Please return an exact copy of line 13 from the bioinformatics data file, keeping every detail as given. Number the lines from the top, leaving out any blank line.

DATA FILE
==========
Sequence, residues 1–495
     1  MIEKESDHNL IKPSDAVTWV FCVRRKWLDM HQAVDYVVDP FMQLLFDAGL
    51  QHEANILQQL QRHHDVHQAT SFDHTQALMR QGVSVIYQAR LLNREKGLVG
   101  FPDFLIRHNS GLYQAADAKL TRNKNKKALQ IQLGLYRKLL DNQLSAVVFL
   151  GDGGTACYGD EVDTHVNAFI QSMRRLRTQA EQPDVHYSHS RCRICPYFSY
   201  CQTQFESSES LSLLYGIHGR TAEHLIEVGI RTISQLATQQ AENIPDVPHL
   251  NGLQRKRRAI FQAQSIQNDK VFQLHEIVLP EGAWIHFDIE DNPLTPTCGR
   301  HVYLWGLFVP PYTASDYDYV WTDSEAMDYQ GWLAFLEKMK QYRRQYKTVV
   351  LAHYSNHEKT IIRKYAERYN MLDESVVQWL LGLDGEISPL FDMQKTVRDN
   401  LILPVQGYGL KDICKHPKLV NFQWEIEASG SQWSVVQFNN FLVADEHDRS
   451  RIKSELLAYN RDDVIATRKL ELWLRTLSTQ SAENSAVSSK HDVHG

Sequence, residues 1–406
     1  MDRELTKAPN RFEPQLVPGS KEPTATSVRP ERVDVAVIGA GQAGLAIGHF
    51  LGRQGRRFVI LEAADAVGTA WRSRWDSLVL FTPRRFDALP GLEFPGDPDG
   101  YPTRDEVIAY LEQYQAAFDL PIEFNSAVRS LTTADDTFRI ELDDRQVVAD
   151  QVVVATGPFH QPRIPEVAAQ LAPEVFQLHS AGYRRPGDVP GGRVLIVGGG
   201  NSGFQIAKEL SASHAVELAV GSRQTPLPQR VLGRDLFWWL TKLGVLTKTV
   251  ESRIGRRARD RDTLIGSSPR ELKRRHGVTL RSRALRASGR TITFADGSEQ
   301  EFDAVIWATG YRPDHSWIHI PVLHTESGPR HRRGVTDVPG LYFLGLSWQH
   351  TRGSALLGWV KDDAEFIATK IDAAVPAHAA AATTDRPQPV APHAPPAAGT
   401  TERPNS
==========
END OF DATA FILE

     1  MDRELTKAPN RFEPQLVPGS KEPTATSVRP ERVDVAVIGA GQAGLAIGHF